Carol’s black dress – deleted scene

This is a scene I wanted to include in My Memories of a Future Life. Briefly, the narrator is a musician who is injured, and is clinging to the hope that rest will cure her. In the early part of the novel she is making bargains with fate—if she rests, the universe will give her back her playing and her life.

I didn’t want to delete this from the book, but I had other scenes that made the same point. When I’m in final revisions I cut ruthlessly. I frequently ditch material that is perfectly good, and that includes scenes that I’m in love with. It takes discipline and soul-searching, but by that stage the story has a will of its own that overrides my ego. It doesn’t listen to me wail that I liked a scene. It is ruled by an overall rhythm of event, event, event; onwards, onwards, onwards. If a scene circles over already trodden ground, something must go.

So this is a scene I cut reluctantly. I liked its simplicity, the tiny slice it showed of a musician’s life and the totemic responsibility Carol put into one garment. In real life it was inspired by a family heirloom—another tug for the heartstrings, although that matters to no one but me. Even though it didn’t make it to the page, I like to think she still did it, off screen in the moments we didn’t see.

~~*~~

The house was quiet. On the coat rack next to the door was a dress in dry-cleaner’s wrappers. A Post-it note was stuck to the cellophane, scrawled with Jerry’s flamboyant script.

Picked this up for you. The dry cleaners were about to give it to Oxfam.

The dress was black velvet, three-quarter length. A performance dress. Classical musicians have a bizarre working wardrobe; you wear what you like for rehearsals, but performances demand formal wear. For the women it had to be black, with a modest neckline, a skirt at least nine inches below the knee. It was a constant battle to find clothes that obeyed those rules and weren’t funereal.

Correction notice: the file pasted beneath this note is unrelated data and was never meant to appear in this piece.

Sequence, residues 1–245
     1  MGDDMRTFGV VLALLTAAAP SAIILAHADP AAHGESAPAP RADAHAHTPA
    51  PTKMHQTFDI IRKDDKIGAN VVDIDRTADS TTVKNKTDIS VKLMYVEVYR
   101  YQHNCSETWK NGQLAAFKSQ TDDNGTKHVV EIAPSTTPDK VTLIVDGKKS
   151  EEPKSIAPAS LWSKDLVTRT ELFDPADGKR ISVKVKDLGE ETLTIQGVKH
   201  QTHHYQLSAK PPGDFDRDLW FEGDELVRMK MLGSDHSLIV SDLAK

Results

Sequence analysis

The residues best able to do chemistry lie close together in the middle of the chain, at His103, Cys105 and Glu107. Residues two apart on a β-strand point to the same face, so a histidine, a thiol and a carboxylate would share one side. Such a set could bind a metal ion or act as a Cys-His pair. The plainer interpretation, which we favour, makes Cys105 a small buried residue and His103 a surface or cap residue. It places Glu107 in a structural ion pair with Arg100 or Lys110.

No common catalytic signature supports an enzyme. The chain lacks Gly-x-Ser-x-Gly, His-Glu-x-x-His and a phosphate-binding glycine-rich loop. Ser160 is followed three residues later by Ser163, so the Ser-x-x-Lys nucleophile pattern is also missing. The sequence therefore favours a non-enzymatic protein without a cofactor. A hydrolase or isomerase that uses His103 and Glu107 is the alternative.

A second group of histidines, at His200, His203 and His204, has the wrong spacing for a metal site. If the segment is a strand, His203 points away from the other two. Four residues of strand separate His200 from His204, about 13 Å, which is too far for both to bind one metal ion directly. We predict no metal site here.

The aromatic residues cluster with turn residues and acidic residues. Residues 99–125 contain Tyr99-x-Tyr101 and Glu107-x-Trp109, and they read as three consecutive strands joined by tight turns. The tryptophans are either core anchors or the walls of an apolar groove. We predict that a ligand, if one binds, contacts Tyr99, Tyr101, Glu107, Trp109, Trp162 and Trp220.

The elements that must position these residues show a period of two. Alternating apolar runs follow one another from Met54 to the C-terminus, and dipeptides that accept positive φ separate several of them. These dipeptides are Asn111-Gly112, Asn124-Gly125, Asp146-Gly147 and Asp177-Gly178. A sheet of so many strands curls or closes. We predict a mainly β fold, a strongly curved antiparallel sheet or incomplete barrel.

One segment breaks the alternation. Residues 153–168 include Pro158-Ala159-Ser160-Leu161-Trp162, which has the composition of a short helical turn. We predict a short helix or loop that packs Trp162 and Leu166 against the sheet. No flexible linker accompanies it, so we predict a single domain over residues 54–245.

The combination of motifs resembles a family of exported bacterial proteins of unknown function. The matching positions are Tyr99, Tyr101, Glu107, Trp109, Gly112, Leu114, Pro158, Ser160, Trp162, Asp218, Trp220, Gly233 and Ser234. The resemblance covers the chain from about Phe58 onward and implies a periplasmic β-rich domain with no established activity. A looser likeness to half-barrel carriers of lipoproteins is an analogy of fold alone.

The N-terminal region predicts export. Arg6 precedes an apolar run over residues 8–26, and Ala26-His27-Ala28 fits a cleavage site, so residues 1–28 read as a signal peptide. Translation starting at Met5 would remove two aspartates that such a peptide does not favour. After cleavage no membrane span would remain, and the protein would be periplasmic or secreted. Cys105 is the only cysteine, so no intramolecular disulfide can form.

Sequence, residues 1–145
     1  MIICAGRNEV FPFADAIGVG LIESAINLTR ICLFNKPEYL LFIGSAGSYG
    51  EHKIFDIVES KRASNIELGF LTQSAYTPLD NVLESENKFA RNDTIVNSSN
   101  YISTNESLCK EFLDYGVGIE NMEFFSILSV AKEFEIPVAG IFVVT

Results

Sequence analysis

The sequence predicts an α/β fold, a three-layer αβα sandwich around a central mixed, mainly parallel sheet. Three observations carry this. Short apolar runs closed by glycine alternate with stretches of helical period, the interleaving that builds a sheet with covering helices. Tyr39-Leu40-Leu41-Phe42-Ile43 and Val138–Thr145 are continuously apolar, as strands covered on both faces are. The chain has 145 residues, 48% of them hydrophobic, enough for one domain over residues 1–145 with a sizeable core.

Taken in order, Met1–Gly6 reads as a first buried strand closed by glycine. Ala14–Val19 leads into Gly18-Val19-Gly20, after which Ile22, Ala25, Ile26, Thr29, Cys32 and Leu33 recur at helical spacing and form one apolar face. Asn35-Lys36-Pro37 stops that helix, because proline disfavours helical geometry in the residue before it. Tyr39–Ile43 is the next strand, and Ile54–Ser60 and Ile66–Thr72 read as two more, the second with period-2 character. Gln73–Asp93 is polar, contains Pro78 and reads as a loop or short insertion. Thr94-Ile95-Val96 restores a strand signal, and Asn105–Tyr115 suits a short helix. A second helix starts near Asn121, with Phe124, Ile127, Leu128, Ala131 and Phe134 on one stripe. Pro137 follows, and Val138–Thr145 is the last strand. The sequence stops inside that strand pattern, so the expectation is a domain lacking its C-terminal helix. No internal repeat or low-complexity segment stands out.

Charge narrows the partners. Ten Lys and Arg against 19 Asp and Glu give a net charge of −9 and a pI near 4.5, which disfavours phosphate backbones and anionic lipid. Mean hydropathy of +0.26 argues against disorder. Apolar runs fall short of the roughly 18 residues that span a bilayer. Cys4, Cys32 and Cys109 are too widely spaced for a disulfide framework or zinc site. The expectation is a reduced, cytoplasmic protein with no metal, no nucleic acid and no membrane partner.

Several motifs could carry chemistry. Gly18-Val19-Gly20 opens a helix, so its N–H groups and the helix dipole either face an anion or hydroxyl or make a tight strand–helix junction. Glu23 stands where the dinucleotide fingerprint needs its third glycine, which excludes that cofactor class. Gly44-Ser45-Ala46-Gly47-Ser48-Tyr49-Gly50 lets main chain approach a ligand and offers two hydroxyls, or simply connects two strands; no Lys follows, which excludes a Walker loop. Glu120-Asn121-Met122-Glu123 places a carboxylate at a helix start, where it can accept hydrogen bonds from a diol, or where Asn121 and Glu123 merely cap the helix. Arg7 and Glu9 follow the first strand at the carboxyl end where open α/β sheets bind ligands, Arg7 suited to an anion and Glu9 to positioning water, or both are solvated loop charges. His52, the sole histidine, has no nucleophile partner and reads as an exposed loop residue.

I’d found this dress in Camden Lock market three weeks ago. I wouldn’t have been there if I’d been playing, but I was out roaming London on another tour of nothing. The dress was on a rail between pseudo-Victorian nightgowns and mangy fur tippets. It was unloved—the seam split on one side; the other side fastened only by ancient press studs which left an alarming glimpse of flesh underneath. But the other seams were tough enough for a performance. The velvet was silk and the pile so fine it hung from my shoulders like liquid. I took it to the cleaners and discussed repairing it and putting in a zip. They warned me it would take a few weeks. That was fine, I said.

I left it there. It would count the days for me. I imagined picking it up on my way back from the hospital and carrying it over the threshold. I’d try it on; we’d nod at each other in the mirror. New start.

Now I didn’t even lift the cellophane to see if they’d done a good job. I threw it straight in the wardrobe and shut the door.

Thanks for the pic doctoring Terre Britton at The Creative Flux/Terrabyte.

Find the novel here. Read the first page here. Try the page 99 test here.

Want a signed copy? This way.

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  1. #1 by Terre Britton (@TheFourOrders) on January 14, 2012 - 12:10 am

    Roz, thank you for sharing your exquisite scene on Creative Flux, it truly does make a lovely standalone piece. And I’m glad you included your original color-photo here; it conveys so much more warmth and sensitivity than the b/w. Beautiful~*

    • #2 by rozmorris @dirtywhitecandy on January 14, 2012 - 9:41 am

      Thank you, Terre! That’s the beauty of multiple blogs – I can show the photo in its many editions.
      According to Steinberg & Tolkien, an eminent vintage clothing dealer in King’s Road in London, it’s very unusual to find a dress like that in that claret colour. The vast majority were black. Which makes me feel doubly proud of my heirloom.
      It saw a few parties before I retired it, though. But one New Year’s Eve I got it out of the wardrobe and found the fabric around the pleats was falling apart. So sad.

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